puts f.method(property_to_print).call

    In JS, we can do the same thing more easily:

    var propertyToPrint = 'bar';
    var f = {};
    f.bar = 42;

    This seems somewhat trivial, but it comes up surprisingly frequently.

Ruby on Rails Vs. PHP
Ruby is overwhelmingly better as a general-purpose language. PHP is overwhelmingly better as a framework-less web development language. A more informative comparison is to compare Rails to PHP. But this is not really fair either. Rails is a framework, and PHP is a language. It would be more even to pit Rails against CakePHP or Zend. The fundamental problem here is that I don't know either of those frameworks. But so it goes.

PHP is unusual. It seems like half a language and half a web development framework. Initially I felt nothing but disdain for it, but I've been slowly coming to appreciate its strengths, particularly after reading "PHP in Action".

I do miss a number of Ruby's features when doing PHP. In particular, the lack of first-class functions is frustrating. PHP has create_function, but it is less than pleasant to use. Worse, it does not work for creating methods on the fly (at least not in PHP 5).

However, when it comes to creating an initial mockup, there is no language I like better. I have a Mac, and with PHP pre-installed, I can just start typing html, embedding chunks of code where it simplifies things. It is ugly and crude, but extremely easy. The ability to get something in front of the customer quickly is tremendously useful for getting feedback.

Once the demo hits a database, I throw PHP away and switch to Rails. There is no reason you could not use a PHP framework instead, but at this point you begin to need the clean organization that a (decent) framework provides.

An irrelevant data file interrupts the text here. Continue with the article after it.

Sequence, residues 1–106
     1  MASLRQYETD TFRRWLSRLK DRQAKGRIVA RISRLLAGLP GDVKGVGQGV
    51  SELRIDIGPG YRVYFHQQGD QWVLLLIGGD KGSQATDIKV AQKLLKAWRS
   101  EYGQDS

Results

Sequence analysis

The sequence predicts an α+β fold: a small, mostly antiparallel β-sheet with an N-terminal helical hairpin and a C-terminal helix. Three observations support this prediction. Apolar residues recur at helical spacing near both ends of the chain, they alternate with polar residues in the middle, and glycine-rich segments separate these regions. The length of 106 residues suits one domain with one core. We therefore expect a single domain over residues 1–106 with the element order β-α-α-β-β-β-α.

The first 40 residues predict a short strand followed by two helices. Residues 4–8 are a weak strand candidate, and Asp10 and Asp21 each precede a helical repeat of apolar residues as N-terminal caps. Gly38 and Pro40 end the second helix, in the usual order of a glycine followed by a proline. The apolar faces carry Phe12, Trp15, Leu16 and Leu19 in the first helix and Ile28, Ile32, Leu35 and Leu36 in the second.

I only have one substantial application running on PHP, and I lost a lot of time re-inventing the wheel. However, I'm glad I did it. It was a great learning experience for me. With most frameworks, you are protected from the little details. With straight PHP, you can feel the bones of the web underneath. I made a number of mistakes in my design, but I'm a hell of a lot better web developer now as a result of having made those mistakes. Building a decent-sized website without the benefit of a framework is something that every web developer should do once.

So should you learn Ruby, if you don't already? That is up to you. If you are interested in Rails, or if you would like a language with strong regex support (and you don't already know Perl), you should think seriously about it. Don't be turned off by the backlash -- it comes from success.

Tuesday, January 8, 2008

Reinventing the Wheel

In college, I met several friends who had built their own PCs. I had never so much as opened the case of mine. As a graduation present to myself, having both a little time and a little money on hand, I decided to finally build my own machine.

It was a frustrating experience at times. Not everything went smoothly, but in the end I had **my** machine. I built it, I customized it, and I was very proud of it.

Of course, that was several machines ago. I have not bothered to build another one. My time is too precious, and it is not something I particularly enjoy doing. Let Dell do it for me. Nonetheless, I'm glad to have done it once. I'm not afraid to work on my machines anymore, and I've upgraded them frequently. More importantly, I know a lot more about what is happening under the hood.

Recently I've been cleaning up a PHP project. It was the first time that I put together a site without using a framework of some kind. I did just about everything wrong. I ignored the MVC pattern, and the code I put together is a total mess. (Well.... Maybe not total. My database setup is actually passable. It still shows a lack of understanding of PHP, but the organization there is clean -- swapping out MySQL for another DB should be a snap).

Frameworks are good. If done right, they remove the drudgery from your work. You can just focus on the creative parts. Not that this ever really happens, but it is a wonderful ideal. I will never build a site without one again.

But I'm glad I did this one. Before, I could speak at least semi-intelligently on the pluses and minuses of a few different frameworks, but I only understood them at a superficial level. Now I've gotten my hands dirty in the guts of a web application, and I'm a better web developer for the experience.

Right now, I'm working on my own framework, extending Rhino JavaScript and JavaServer Faces. It may never hit prime-time, but I've managed to get an even deeper understanding through this project. Reinventing the wheel is a hell of a way to learn about wheels.